Specialized Caseloads: One Obvious Solution


In my last post, I raised the following question: How do we address the growing population of incarcerated individuals with mental illness?

One approach gaining popularity around the country is the idea of “specialized caseloads” for parole officers. Practically, what this means is that parolees with mental illness are assigned to parole officers who have received training on how to best manage this population and carry a reduced caseload.

One of my recent cases is a perfect example of how this can work:

Mr. M was a 47 year old man referred to me by his parole officer. He had been convicted years before of a bank robbery, and his prior terms of release had been unsuccessful, usually related to his use of cocaine and failure to take his prescribed medication. Within months of release, he relapsed and became psychotic, manic and disorganized. Standard parole officer responses of threats and ultimately of movement toward revocation ensued.

During the initial months of my treatment with him, he adhered to his medication regimen, participated in therapy sessions, engaged in 12 step meetings, and lived in a halfway house for people committed to recovery. After two years or so, he came to an appointment speaking rapidly and loudly, and he was somewhat disorganized. Despite these symptoms, he adamantly denied using cocaine or other drugs, insisted that he had been taking all of his medications as prescribed, and agreed to take any tests I asked him to take. However, he steadfastly refused to consider being admitted into the hospital even for a short period of stabilization.

I contacted his PO who spoke with Mr. M via speaker phone. The PO reinforced my recommendation that he agree to go into a hospital, but he continued to refuse. His PO asked him why he would not agree, expressing his concern with Mr. M that if he remained unstable and refused to hospitalize himself, the PO would be left with a decision about pursuing revocation. Mr. M then said: “Today is the 28th of the month. My check comes on the 3rd. If you live where I live and you ain't home when your check comes, it won't be there when you get back.”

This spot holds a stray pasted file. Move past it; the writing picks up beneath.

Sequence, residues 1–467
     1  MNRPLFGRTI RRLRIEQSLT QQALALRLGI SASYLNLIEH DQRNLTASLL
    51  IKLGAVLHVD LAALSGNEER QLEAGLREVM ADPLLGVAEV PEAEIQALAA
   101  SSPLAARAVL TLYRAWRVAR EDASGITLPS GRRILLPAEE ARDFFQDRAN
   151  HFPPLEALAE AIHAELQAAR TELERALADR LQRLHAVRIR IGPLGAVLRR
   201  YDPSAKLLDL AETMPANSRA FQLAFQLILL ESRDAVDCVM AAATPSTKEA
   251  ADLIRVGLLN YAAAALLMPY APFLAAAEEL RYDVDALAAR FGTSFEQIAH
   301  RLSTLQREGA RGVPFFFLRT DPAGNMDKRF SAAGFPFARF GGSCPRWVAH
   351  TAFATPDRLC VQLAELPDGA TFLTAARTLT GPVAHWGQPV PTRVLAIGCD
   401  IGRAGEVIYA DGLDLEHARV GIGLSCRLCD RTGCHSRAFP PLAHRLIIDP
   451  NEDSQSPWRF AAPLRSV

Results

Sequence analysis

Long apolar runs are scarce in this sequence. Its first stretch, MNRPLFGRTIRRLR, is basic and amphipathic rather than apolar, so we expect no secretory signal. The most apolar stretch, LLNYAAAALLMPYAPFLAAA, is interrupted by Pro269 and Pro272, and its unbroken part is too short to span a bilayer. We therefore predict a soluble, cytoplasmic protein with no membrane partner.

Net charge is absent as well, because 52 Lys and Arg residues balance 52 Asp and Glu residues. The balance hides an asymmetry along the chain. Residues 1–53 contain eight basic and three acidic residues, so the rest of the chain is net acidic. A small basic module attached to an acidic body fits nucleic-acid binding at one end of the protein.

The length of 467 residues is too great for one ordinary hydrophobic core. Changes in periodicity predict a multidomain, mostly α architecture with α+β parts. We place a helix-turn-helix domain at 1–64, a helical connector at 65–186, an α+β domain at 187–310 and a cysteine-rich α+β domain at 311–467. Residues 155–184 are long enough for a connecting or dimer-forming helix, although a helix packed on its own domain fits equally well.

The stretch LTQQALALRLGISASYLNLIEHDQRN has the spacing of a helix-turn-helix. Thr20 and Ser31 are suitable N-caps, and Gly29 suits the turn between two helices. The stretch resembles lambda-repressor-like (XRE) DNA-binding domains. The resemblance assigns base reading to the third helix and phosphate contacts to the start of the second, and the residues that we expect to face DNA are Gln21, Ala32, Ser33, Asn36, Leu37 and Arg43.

After a bit more discussion, Mr. M agreed to enter a “day hospital,” which is a program where people attend intensive treatment during the day but return home every evening. Designed as a short term intervention, together we decided that this would be a reasonable compromise for Mr. M, allowing him to access more intensive evaluation and treatment while not removing him from his home setting. He attended the day hospital for three weeks, his medications were adjusted, and he returned to outpatient care and to his parole without further incident.

This plan worked because the PO and I had devised an agreement that problem behaviors should be seen first as requiring a therapeutic response, and only when therapeutic efforts failed to resolve the situation should enforcement actions be considered. This PO was a “mental health specialist” in his agency, carrying a reduced caseload of parolees, all of whom had mental health problems. His smaller caseload allowed him to do the needed case management that permitted his parolees to access care and minimized their returns to incarceration.

Examples of jurisdictions that provide specialized approaches to probationers or parolees with mental illness include the United States Probation Office, the Cook County Mental Health Unit, the New York State Division of Parole, and the Project Renewal Parole Support and Treatment Program.

Why don't all probation and parole offices have specialized caseloads? Given the prevalence of mental health issues among the parolee and probationer population, this seems to be an obvious solution. Is it really that much more expensive than recurrent incarcerations?

Erik Roskes is a forensic psychiatrist and currently the Director of Forensic Services at the Springfield Hospital Center in Maryland. The opinions expressed are those of the author only, and do not represent those of any of Dr. Roskes' employers or consultees, including the Maryland Department of Health and Mental Hygiene. He can be found a http://mysite.verizon.net/eroskes.

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